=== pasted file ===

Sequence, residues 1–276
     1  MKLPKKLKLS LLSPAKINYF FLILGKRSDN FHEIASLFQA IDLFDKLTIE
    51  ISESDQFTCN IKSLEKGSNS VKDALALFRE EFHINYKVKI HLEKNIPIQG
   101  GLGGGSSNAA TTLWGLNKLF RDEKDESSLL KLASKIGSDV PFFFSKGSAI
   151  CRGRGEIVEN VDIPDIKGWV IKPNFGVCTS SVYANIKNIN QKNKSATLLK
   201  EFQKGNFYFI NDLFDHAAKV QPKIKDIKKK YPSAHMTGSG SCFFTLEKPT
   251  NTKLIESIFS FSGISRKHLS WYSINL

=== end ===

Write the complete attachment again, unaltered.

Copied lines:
Sequence, residues 1–276
     1  MKLPKKLKLS LLSPAKINYF FLILGKRSDN FHEIASLFQA IDLFDKLTIE
    51  ISESDQFTCN IKSLEKGSNS VKDALALFRE EFHINYKVKI HLEKNIPIQG
   101  GLGGGSSNAA TTLWGLNKLF RDEKDESSLL KLASKIGSDV PFFFSKGSAI
   151  CRGRGEIVEN VDIPDIKGWV IKPNFGVCTS SVYANIKNIN QKNKSATLLK
   201  EFQKGNFYFI NDLFDHAAKV QPKIKDIKKK YPSAHMTGSG SCFFTLEKPT
   251  NTKLIESIFS FSGISRKHLS WYSINL